Hundreds of residents of Fendell Community in Louisiana Township are dislocated following the demolition of their residencies after a two week eviction notice expired.
The ongoing demolition is being carried out by the Ministry of Public Works, through the authorization of the University of Liberia.
According to the eviction letter issued on April 12, 2016 the demolition is intended to clear various alleys, which include the demolition of residential structures. The residents were warned to leave the premises to avoid problems during the exercise.
Residents who spoke to this newspaper expressed frustration and disappointment in the UL authorities and the Liberian Government for overlooking a series of Memorandums of Understanding signed between UL/GOL and property owners. The land in question is said to be about 5,500 acres that property owners and the UL are disputing.
The chairperson of the Fendell Land Working Committee, Madam Viola Lincoln, displayed a letter from the office of the late President William R. Tolbert dated in the 70s appealing to the people of Fendell for a portion of the land of their forefathers to be used for agricultural purposes.
The letter requested for “relocation, compensation, empowerment opportunities for the people, and provision of safe drinking water, scholarship opportunities for the children,” among other benefits. But according to Madam Lincoln, the GOL “has not met up with those promises.”
She further noted that when negotiating with UL/GOL, property owners agreed to leave under conditions that centered on compensation and relocation. ‘‘The government should be sincere to us and must look at our interest. We want development but let it come the right way and must not come overnight,’’ she contended.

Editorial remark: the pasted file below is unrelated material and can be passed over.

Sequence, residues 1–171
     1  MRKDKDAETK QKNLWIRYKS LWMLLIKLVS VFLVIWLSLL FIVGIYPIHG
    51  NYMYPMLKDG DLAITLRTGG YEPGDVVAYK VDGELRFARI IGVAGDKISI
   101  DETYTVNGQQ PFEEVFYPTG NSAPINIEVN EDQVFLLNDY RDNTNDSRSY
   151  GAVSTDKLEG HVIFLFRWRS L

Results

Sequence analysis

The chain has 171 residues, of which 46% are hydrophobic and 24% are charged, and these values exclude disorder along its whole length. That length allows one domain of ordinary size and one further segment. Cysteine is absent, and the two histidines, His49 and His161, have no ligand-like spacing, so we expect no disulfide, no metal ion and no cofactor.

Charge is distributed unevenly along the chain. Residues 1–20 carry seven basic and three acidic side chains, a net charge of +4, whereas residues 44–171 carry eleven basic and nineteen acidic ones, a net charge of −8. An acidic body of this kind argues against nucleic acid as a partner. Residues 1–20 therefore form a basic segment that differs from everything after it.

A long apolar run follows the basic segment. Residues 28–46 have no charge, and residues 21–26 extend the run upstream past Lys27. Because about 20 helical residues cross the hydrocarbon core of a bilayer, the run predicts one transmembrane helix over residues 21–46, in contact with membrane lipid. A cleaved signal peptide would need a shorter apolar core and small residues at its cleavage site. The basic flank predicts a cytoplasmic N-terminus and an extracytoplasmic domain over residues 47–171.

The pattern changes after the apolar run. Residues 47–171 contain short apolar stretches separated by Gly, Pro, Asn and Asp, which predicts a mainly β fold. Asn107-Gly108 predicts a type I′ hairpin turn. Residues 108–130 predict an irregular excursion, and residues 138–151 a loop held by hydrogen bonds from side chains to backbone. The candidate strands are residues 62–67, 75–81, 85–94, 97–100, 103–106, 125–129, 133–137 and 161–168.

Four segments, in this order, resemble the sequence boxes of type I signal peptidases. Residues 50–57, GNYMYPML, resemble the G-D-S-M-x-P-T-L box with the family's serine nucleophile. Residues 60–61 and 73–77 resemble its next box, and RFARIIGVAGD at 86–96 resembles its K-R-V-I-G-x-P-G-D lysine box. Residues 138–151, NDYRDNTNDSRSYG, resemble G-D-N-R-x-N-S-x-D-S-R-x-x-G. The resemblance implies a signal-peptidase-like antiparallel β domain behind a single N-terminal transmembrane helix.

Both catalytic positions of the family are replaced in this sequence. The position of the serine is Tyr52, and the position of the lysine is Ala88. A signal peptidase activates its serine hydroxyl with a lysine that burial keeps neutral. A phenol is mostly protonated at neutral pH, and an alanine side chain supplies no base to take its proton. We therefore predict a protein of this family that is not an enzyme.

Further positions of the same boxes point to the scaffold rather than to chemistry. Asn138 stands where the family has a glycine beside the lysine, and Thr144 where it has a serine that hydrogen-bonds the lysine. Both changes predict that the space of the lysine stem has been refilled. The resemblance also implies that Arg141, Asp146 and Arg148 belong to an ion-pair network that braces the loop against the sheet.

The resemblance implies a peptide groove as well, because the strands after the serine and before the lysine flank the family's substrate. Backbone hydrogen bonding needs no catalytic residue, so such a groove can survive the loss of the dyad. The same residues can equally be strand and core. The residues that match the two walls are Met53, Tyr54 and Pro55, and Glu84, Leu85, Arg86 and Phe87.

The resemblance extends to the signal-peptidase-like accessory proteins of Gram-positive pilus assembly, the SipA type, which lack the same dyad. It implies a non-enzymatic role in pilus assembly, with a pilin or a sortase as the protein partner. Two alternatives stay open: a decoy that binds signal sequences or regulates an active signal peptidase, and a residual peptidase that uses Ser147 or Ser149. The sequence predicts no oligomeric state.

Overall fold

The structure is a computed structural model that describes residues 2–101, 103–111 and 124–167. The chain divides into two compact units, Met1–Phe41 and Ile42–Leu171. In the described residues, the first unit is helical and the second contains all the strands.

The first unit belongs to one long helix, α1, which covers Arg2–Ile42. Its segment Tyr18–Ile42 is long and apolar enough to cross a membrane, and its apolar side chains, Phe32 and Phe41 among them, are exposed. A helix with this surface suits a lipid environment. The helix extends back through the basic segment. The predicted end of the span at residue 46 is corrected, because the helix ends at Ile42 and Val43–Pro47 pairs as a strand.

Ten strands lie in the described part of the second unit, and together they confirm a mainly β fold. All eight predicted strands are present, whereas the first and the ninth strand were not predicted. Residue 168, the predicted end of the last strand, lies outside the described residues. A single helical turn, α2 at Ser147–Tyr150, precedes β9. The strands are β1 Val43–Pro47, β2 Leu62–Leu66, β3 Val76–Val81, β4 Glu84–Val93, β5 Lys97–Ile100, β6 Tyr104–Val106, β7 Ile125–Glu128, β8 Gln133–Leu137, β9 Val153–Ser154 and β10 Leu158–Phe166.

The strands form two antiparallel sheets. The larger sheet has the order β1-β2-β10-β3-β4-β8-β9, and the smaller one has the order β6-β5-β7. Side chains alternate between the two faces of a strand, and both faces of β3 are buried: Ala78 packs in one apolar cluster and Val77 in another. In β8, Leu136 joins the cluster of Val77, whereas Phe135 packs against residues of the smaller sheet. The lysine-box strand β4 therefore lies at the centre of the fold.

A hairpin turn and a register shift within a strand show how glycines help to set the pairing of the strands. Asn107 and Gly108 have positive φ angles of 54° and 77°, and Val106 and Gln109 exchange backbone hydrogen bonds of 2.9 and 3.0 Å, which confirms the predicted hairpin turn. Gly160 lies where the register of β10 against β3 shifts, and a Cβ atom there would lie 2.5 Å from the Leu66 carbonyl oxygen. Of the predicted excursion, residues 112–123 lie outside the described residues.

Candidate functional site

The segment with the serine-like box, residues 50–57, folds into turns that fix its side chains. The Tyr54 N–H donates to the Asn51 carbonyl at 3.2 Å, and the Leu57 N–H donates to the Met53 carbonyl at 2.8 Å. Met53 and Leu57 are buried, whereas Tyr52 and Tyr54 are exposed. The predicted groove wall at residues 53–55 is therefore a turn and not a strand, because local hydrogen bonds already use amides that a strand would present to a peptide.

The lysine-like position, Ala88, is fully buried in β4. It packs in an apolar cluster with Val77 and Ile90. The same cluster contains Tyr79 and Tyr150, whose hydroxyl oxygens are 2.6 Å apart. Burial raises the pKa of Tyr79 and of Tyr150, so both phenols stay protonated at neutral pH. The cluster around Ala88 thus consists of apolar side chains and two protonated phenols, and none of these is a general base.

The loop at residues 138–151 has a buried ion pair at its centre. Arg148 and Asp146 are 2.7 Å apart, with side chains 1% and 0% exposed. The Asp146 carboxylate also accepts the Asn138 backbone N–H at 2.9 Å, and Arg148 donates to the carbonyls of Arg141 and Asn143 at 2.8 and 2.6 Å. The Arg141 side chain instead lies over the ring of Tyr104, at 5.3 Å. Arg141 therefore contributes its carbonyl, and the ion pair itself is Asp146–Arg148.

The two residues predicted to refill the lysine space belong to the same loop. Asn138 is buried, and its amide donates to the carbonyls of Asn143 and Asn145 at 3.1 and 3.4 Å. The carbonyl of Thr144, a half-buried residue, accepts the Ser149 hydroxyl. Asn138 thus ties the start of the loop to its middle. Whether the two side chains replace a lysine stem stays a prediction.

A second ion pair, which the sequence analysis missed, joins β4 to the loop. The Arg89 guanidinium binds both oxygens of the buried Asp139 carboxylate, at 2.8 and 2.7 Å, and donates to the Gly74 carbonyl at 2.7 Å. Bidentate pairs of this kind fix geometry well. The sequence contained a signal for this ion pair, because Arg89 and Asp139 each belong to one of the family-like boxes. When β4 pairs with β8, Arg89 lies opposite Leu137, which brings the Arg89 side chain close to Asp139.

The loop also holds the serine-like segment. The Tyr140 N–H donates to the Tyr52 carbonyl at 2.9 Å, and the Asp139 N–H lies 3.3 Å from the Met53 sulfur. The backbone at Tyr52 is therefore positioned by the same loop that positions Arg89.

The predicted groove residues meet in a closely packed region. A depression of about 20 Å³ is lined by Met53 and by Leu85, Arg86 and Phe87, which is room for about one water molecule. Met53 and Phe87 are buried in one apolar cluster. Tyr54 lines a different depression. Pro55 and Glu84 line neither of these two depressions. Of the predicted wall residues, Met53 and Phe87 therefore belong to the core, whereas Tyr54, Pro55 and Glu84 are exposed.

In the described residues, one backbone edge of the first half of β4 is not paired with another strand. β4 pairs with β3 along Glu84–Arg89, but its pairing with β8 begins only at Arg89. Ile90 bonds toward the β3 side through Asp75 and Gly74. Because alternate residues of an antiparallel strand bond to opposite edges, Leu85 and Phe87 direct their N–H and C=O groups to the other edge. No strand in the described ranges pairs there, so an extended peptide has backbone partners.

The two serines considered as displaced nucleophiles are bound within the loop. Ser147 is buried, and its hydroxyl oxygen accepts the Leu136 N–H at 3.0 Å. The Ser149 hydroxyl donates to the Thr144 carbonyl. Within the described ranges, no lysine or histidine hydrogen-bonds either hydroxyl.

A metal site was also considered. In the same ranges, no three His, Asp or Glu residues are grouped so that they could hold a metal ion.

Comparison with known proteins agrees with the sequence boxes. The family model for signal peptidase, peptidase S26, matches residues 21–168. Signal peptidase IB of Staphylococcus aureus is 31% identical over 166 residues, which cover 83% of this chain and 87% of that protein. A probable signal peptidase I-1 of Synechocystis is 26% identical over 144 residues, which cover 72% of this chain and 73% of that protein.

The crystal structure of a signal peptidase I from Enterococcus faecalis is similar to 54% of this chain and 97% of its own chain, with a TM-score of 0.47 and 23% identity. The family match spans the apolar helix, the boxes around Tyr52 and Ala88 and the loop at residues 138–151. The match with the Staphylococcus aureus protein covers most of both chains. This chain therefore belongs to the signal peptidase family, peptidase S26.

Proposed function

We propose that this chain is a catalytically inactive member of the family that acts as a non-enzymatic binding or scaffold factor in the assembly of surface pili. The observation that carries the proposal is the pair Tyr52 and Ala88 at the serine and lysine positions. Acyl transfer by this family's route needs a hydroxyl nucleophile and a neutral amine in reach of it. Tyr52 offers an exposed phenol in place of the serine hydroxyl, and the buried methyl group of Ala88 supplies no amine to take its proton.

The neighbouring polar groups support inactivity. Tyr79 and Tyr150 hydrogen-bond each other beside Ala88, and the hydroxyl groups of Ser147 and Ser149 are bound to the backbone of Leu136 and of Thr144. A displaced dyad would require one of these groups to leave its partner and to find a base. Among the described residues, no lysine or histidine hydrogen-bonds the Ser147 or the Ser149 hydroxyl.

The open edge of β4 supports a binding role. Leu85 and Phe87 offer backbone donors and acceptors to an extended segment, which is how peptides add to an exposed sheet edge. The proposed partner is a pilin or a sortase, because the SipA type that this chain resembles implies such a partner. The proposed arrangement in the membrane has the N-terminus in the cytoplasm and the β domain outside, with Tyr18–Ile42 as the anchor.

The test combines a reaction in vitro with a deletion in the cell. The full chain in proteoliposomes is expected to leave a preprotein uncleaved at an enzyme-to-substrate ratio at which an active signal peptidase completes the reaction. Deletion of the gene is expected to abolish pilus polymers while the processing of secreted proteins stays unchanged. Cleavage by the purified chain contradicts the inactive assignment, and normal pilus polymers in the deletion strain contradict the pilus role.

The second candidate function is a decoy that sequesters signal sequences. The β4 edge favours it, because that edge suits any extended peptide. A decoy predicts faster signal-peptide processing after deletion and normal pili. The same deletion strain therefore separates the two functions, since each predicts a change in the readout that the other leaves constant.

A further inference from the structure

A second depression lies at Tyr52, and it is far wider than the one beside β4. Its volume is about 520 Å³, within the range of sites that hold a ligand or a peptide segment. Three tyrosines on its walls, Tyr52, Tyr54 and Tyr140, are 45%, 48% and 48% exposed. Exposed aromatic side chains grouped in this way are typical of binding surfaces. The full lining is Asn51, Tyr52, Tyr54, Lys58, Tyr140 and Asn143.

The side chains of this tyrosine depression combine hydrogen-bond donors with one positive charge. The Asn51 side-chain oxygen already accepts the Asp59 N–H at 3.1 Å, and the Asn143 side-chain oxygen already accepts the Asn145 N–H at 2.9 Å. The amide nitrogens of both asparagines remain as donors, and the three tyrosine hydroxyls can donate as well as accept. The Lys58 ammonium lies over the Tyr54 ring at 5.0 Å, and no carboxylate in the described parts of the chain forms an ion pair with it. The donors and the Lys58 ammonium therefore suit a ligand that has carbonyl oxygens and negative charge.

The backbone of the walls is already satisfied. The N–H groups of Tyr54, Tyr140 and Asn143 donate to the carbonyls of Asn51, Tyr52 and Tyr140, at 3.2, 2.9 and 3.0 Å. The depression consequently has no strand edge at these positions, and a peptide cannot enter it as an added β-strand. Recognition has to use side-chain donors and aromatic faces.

It may be recalled that in July 2015, the UL authorities through the Ministry of Public Works issued an eviction notice to residents that also claimed the attention of property owners in the area. As a result, property owners founded the Fendell Land Working Committee and took the issue to court.
Madam Lincoln further clarified that in October 2015, the committee sought legal advice and took a class action suit that is yet to be decided in court.
However, she said while the committee was finding the way forward, UL vice president for administration, Madam Weade Kobbah Wreh, called a town hall meeting and displayed documents from Civil Law Court ‘‘B’’ informing residents that the land is owned by the university and therefore as squatters, they should leave within fifteen days.
A resident and property owner told this newspaper that it was shocking and unfortunate to have received an eviction notice from the Ministry of Public Works, having understood from landowners that the case was in court.
Madam Kobbah Wreh has refuted claims that she is the driving force behind the demolition exercise. Professor Wreh said she has no authority to infringe on the rights of peaceful citizens. ‘‘It is important to know that the university is an institution that operates under the Liberian government and as such its mandate is directly from the government,” she said.
Giving a brief history of the UL property she said the university has over 5,800 acres of land, which she claimed the government has already paid the people for.
She noted that due to the UL’s delay in pursuing its property, some squatters have illegally sold about 2,200 acres “which is unacceptable and it is about time the government makes use of the property.”